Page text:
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Lost Edge

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May 15, 2010

I have titled this body of work Lost Edge. I use the word “edge” because I draw a comparison between the notion of the avant-garde in war and the art world. In the early twentieth century, the avant-garde was at the height of its importance in both realms. Now, however, just as the concept of the military avant-garde has been “lost” because of changes in methods of warfare, the avant-garde in the contemporary art world has also lost its edge.

The source material for this body of work is images of ruins of the once-mighty fortifications of the Mannerheim Line, built to protect Finland from the advances of the Soviet military avant-garde. Finland’s attempt was valiant, but in vain; this war and the lives that were lost in 1939 are largely forgotten. The fortification lies in ruins, and nature is slowly reclaiming it. Similarly, the “cutting edge” of the contemporary art world seems to have become blunted. Viewers of the avant-garde work of many visionary artists of the early twentieth century were shocked, challenged, and inspired by Malevich’s Black Square and Marchel Duchamp’s urinal. Because of changes in society, like changes in warfare, it has become difficult for today’s contemporary artist to generate the same level of response without resorting to vulgarity.

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Dimitri Kozyrev was born in St. Petersburg, Russia, in 1967. He received a BFA from Ohio University in 1997 and an MFA from University of California, Santa Barbara in 2000. His work has been exhibited throughout the United States and he is the recipient of the 2000 Abrams Prize from U.C. Santa Barbara and the 2005 Art Omi Residency. He lives and works in Tucson, Arizona.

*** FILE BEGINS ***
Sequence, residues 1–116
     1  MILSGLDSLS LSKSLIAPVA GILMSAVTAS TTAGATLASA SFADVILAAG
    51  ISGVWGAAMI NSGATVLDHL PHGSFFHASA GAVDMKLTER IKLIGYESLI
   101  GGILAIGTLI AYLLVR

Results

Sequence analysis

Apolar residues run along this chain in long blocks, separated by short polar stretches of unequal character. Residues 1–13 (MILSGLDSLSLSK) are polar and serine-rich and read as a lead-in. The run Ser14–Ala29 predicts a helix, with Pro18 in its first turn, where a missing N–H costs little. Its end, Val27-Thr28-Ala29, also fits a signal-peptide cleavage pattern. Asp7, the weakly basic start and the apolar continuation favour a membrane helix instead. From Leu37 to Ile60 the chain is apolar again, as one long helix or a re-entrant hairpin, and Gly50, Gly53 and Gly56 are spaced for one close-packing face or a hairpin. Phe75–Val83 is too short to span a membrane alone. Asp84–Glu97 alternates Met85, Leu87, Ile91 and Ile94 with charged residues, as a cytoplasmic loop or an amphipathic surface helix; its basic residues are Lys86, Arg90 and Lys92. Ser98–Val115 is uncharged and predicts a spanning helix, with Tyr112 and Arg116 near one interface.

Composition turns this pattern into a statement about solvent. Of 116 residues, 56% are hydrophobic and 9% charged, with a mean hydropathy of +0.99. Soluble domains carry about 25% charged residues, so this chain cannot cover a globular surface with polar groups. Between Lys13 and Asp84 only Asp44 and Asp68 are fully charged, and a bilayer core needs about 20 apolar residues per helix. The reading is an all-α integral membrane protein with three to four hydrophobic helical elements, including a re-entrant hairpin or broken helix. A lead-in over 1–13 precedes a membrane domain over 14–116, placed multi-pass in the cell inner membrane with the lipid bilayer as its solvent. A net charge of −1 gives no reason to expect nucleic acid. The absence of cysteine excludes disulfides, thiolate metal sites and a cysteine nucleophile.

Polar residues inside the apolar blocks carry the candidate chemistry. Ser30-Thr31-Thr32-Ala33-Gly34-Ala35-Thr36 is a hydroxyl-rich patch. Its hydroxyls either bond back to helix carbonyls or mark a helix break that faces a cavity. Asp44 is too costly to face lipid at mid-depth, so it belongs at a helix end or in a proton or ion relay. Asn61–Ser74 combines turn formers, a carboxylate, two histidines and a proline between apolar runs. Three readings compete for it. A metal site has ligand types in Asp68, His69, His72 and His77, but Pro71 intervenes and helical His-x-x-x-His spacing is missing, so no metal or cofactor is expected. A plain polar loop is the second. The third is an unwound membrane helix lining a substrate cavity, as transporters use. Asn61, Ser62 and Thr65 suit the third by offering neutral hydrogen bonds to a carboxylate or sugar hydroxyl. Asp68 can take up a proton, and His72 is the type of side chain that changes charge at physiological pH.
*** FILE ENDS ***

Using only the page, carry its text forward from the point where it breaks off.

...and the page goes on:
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2 comments for Lost Edge

  1. Comment by Kirby Olson on May 19, 2010 at 10:52 am

    This was the strangest statement I’ve ever read with regard to Finland’s heroic defense of its country in 1939. Sure, a quarter of the Finnish population died or was wounded, but they sent back millions of dead Russians in the wars with Russia, and saved their country for democracy. With that sacrifice they probably also saved Sweden and Norway such that the could become the prosperous Lutheran democracies and the light of the world that they remain to this day. Finns have the best educational system in the world.

    Compare the idiotic lack of freedom of inquiry that prevailed under Stalin and then the others at least until Yeltsin’s intervention in 1989.

    Anything that kept the Russians out of Finland is worthy of all the death that it took. Finland was outnumbered 50-1, and yet remained. It was like a Biblical miracle at the walls of Jericho.

    Hurray for Finland! Hurray for Lutheranism! Hurray! Hurray! And hurray for Mannerheim, who outfought the Russians and gave them a bloody nose that kept the ogres out of magnificent Finland with its lovely fir forests and fields of marigold shining in the midnight sun!

    Some day read The Unknown Soldier, by Vaino Linna, and relish the greatness of Finnish prose — a prose that was outlawed in Soviet Karelia — the slice of Finland that Stalin stole from beautiful and perfect Finland.

  2. Comment by Kirby Olson on May 19, 2010 at 10:53 am

    This was the strangest statement I’ve ever read with regard to Finland’s heroic defense of its country in 1939. Sure, a quarter of the Finnish population died or was wounded, but they sent back millions of dead Russians in the wars with Russia, and saved their country for democracy. With that sacrifice they probably also saved Sweden and Norway such that the could become the prosperous Lutheran democracies and the light of the world that they remain to this day. Finns have the best educational system in the world.

    Compare the idiotic lack of freedom of inquiry that prevailed under Stalin and then the others at least until Yeltsin’s intervention in 1989.

    Anything that kept the Russians out of Finland is worthy of all the death that it took. Finland was outnumbered 50-1, and yet remained. It was like a Biblical miracle at the walls of Jericho.

    Hurray for Finland! Hurray for Lutheranism! Hurray! Hurray! And hurray for Mannerheim, who outfought the Russians and gave them a bloody nose that kept the ogres out of magnificent Finland with its lovely fir forests and fields of marigold shining in the midnight sun!

    Some day read The Unknown Soldier, by Vaino Linna, and relish the greatness of Finnish prose — a prose that was outlawed in Soviet Karelia — the slice of Finland that Stalin stole from beautiful and perfect Finland.

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